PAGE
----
Summary: This two part series focuses on the differences between Christian beliefs and how the label Christian does not fully describes those following Jesus as it did when the term was originally given to His followers.


Part 1

Scriptures: Act 11:26; 1 Peter 4:16; Matthew 7:13-14; 28:19


The title of my message this morning is “Christian” and I really want you to understand how this term describes someone who follows Christ today versus when it was first used some 2000 years ago. Some of what I have to say to you this morning may sound blasphemous but please hear me out before you make your determination about whether or not is Scriptural.

By now I’m sure all of you know about the tragedy in Orlando. And some of the responses were pretty typical of what you would expect to hear. When it comes to this one issue – the gay and lesbian community – there is a divide in the body of Christ. You have one side that supports them and believes that they should have the right to live as they please and love whom they please because God loves and accepts everyone regardless of their chosen lifestyle. Then you have the other side who say you don't have the right to live any way you please. This side will condemn them and tell them that they are going to hell unless they repent. If they don’t repent then they deserve any and everything that happens to them – from someone killing them to their dying from AIDS as this represents God’s judgment upon them for their sins. These two opposing views place God in a man-made box.

Matthew Vines, author of “God and the Gay Christian,” noted in an op-ed for TIME Magazine that nearly 50 percent of LGBT Americans are Christians, like himself. He notes that for them, Sunday mornings are a reminder that they are not accepted in many pews – that many traditional churches view homosexuality as incompatible with Christian beliefs. Mr. Vines told Religious News Service that “The core problem is that so many Christians still talk about the LGBT community like they’re not a part of the church and like they’re not part of the same family. That’s the core problem: They use ‘othering’ language that presupposes that Christians and LGBT people are separate, mutually exclusive groups,” Vines told RNS. There are Christians who believe that a person can be a part of the LGBT community and still be a Christian because their lifestyle does not conflict with God’s word because God loves and accepts everyone. There are just as many people who believe anyone living this lifestyle cannot be a Christian because their lifestyle is wrong and they are going straight to hell unless they repent.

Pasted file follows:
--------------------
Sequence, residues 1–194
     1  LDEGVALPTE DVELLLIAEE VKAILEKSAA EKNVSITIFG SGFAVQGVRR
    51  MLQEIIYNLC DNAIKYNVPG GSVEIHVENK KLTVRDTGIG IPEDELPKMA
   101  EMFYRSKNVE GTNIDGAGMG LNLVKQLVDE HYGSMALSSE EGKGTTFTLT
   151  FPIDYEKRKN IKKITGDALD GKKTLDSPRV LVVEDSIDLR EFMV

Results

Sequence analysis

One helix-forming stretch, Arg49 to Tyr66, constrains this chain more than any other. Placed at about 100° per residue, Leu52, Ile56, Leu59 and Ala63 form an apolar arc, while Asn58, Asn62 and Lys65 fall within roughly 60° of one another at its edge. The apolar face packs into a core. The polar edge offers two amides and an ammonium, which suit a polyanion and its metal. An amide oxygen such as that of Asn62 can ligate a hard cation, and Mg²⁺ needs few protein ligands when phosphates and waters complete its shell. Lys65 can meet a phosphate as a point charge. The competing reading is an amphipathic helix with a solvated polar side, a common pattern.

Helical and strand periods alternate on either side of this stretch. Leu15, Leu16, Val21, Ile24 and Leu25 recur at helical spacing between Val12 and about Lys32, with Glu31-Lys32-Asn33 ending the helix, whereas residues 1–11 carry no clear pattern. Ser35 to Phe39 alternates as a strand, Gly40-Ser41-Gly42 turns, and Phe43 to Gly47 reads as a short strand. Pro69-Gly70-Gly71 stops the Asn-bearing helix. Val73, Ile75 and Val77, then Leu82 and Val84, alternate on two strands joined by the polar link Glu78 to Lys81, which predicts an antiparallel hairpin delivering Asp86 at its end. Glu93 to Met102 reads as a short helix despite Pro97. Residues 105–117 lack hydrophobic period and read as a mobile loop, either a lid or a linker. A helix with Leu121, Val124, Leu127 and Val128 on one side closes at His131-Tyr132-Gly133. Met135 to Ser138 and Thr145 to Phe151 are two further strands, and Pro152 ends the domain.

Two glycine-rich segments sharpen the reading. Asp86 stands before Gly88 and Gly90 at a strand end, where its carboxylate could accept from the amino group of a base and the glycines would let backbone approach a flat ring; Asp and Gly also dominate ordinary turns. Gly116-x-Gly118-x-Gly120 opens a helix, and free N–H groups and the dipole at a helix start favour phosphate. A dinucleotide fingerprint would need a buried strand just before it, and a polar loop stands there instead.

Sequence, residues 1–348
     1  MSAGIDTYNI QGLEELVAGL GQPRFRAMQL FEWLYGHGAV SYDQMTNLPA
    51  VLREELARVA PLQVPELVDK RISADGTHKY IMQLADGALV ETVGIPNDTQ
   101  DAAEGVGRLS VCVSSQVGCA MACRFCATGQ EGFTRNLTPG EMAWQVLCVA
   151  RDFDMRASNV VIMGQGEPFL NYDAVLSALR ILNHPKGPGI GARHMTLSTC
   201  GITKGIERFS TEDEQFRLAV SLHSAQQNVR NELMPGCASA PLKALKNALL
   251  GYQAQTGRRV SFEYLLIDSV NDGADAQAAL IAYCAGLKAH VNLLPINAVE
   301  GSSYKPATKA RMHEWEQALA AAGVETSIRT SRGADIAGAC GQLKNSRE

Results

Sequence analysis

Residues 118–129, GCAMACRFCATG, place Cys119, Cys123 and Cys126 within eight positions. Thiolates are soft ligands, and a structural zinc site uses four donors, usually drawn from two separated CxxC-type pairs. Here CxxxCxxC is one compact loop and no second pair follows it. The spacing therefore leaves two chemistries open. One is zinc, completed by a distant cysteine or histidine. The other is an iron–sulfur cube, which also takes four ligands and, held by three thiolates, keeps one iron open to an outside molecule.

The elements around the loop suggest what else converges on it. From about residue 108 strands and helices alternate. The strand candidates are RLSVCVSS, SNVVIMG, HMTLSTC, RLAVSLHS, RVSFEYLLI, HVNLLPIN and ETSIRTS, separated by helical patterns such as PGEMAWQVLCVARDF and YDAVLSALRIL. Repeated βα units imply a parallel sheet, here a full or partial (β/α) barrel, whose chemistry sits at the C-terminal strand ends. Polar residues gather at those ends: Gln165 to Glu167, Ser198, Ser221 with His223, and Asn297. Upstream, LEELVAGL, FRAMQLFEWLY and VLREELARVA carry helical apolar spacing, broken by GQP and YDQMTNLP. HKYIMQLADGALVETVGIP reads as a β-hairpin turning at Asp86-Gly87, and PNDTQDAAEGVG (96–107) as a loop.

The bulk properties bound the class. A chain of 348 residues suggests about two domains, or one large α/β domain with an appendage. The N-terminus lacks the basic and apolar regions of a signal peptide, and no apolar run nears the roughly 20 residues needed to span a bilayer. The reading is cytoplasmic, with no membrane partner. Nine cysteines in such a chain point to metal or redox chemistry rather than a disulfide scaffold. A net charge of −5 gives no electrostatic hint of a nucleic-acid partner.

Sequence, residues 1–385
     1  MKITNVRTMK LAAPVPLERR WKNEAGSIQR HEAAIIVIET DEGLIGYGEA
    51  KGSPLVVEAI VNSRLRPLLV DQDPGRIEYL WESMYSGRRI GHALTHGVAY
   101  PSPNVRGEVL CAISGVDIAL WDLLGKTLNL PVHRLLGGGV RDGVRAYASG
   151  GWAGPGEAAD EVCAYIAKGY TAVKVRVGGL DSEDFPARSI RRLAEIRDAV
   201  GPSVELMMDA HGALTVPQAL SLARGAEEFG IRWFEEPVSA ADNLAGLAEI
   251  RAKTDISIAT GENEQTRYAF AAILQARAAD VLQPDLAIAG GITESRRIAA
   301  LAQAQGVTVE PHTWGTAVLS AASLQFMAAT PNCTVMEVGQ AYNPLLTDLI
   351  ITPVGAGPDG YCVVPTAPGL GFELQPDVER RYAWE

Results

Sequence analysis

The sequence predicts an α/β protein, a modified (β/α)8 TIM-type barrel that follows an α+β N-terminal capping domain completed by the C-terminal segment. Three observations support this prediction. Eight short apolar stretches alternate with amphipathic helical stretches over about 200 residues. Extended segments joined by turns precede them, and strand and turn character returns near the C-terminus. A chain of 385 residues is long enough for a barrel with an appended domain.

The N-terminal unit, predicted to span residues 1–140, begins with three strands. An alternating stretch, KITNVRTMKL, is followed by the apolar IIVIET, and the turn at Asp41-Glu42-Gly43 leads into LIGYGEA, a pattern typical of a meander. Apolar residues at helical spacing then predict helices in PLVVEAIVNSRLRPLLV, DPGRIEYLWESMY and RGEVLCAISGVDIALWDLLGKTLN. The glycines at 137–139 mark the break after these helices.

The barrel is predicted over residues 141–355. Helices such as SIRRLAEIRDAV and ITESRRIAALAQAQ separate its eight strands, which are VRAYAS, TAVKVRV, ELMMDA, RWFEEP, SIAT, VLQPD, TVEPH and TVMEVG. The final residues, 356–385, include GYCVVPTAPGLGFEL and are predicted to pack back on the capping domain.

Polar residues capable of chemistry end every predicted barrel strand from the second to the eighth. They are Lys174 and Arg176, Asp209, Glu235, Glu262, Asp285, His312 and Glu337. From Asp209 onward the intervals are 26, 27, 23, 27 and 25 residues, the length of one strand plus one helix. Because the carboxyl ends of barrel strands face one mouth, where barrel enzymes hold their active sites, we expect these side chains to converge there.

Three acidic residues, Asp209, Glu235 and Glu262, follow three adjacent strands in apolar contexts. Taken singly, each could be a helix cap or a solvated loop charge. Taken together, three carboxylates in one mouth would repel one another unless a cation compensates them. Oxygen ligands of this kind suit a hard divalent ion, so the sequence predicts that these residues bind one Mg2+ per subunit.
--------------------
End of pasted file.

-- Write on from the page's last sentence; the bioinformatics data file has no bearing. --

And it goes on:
After the shooting in the Orlando nightclub Christians used the social media to speak out against the shooting. Leaders came forth and spoke about the need to stop the violence and have more gun control laws. They talked about how this act goes against the very fabric of what Christianity stands for. Very few said what this was – an actual planned act against the LGBT community. This man did not want to kill just anyone, as he could have chosen many nightclubs if that were the case, no he targeted this nightclub because of who partied there, members of the LGBT community and their family and friends who approved of their lifestyle. This was an act of violence targeted at one group of people because of how they chose to live their life. This was one segment of Christians who came forth speaking out against the gun violence while ensuring they did not appear to support the lifestyle of the LGBT community.

On the other side of the “Christian fence” we find people like the two pastors who received a lot of public attention when they rejoiced and/or approved of the killing. One pastor from a Baptist church in Sacramento, CA told his congregation that Christians “shouldn’t be mourning the death of 50 sodomites. People say, like: ‘Well, aren’t you sad that 50 sodomites died?’ This he said referencing the initial death toll in Orlando, which authorities later clarified, included 49 victims plus the gunman. “Here’s the problem with that (he continued), it’s like the equivalent of asking me — what if you asked me: ’Hey, are you sad that 50 pedophiles were killed today?’ ‘Um, no, I think that’s great. I think that helps society. You know, I think Orlando, Fla., is a little safer tonight.’ He added: “The tragedy is that more of them didn’t die. The tragedy is I’m kind of upset that he didn’t finish the job!’ ‘I wish the government would round them all up, put them up against a firing wall, put a firing squad in front of them, and blow their brains out.” For the media and those who might not understand what it means to follow Christ, this pastor’s personal beliefs are judged to be reflective of most conservative Christians even if that is not the case.

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